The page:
In this combination of images, 'Hank the Tank' (L) can be seen along with a property damaged by the giant bear in California (R). Photograph:( Twitter )
According to the California Department of Fish and Wildlife (CDFW), it has caused extensive damage at 33 properties and forcefully entered at least 28 homes
California police is looking for a 500-pound notorious bear known by residents as 'Hank the Tank' for breaking into homes.
According to the California Department of Fish and Wildlife (CDFW), it has caused extensive damage at 33 properties and forcefully entered at least 28 homes. The giant bear has eluded capture for more than seven months.
"The incidents primarily occurred during the summer and fall of 2021, when the bear was in hyperphagia, adding calories to survive the winter," said wildlife department spokesperson Peter Tira.
"It's learned to use its size and strength to force its way into homes. It'll barge through garage doors, it'll barge through front doors. It'll go through windows."
The bear is responsible for more than 150 incident reports in the region straddling Northern California and Nevada.
The bear smashed a window and squeezed into the house on Catalina Drive while the residents were at home. Police responded and banged on the outside of the house until Hank exited out the back door and disappeared into the woods.
Also known as Jake or Yogi or simply Big Guy, the bear is what Tira described as a “severely food habituated bear” that has “lost all fear of people” and thinks of them as a food source.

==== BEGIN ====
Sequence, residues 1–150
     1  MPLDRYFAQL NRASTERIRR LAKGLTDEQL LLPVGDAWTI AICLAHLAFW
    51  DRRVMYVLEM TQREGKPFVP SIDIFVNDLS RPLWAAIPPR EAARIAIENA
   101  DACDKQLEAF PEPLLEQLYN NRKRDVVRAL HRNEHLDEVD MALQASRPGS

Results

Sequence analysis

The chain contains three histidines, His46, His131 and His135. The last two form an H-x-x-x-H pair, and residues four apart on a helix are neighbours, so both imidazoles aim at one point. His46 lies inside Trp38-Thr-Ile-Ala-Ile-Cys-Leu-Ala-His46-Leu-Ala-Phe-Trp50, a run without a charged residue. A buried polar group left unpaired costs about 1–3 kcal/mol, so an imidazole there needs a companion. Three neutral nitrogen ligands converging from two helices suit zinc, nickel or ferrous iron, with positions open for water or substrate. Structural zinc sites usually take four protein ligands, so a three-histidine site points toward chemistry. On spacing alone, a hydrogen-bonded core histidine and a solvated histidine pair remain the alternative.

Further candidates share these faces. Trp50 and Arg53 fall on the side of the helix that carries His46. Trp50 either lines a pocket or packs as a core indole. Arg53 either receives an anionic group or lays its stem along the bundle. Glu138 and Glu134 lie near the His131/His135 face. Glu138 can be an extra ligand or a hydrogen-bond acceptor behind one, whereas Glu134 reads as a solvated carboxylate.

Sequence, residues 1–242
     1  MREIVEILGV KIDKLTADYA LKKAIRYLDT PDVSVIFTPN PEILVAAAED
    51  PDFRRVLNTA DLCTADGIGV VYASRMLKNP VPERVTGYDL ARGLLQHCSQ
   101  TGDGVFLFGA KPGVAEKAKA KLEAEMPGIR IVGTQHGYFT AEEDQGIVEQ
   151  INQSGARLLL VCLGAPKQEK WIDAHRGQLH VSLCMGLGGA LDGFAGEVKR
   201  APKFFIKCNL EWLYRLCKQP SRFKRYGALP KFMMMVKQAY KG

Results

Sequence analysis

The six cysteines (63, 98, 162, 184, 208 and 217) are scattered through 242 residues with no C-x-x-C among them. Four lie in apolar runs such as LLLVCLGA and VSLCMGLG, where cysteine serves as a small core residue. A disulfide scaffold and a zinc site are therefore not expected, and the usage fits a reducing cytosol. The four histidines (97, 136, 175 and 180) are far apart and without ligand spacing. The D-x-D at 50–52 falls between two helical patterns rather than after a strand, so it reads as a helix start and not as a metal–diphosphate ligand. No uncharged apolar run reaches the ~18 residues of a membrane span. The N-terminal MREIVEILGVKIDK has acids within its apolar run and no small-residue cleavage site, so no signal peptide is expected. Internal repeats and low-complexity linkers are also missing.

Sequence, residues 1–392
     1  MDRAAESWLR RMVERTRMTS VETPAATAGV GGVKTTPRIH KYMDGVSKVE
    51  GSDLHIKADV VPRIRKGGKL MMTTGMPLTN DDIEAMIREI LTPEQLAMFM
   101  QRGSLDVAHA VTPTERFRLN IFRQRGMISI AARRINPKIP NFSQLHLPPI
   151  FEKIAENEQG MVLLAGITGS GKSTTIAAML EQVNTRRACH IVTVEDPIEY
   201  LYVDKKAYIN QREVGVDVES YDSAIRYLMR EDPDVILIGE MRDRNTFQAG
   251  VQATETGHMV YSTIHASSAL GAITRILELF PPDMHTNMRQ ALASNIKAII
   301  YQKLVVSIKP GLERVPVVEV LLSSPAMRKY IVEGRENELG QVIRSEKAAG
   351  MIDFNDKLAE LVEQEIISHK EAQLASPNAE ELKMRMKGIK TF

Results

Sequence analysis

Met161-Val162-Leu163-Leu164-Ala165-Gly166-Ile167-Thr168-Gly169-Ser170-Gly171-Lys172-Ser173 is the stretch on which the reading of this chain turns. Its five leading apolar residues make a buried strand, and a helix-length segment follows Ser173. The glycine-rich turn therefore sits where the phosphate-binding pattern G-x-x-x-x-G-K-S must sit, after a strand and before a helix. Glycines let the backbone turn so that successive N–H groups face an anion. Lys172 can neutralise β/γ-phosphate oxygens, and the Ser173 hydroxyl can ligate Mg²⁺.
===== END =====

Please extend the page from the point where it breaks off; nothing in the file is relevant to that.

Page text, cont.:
A homeowners association agreed during a meeting last week to allow state wildlife personnel to capture the bear. Previous trapping efforts, which are generally more successful in wooded settings, have proven futile in residential areas where the bear has become acclimated.
"He's not subsisting on a diet of ants and berries like a lot of wild bears do," Tira said.
"In Tahoe there's year-round access to high caloric food - whether we're talking about leftover pizza or ice cream or just trash," he continues.
"It's easier to find that kind of food than to work for hours to remove grubs from a dead log."
If Hank is captured, officials said the bear could be relocated to accredited facilities such as zoos and wildlife sanctuaries, Tira said.
“You relocate it to the wilderness, and they starve because they’re not used to hunting for food,” Tira said.
Killing the bear is hopefully a last resort, said Joby Cefalu, a board member with the homeowners association.
“Nobody on our board took lightly the situation of depredation,” Cefalu told the Los Angeles Times. “We’re meant to coexist. Unfortunately, this is a human problem.”
(With inputs from agencies)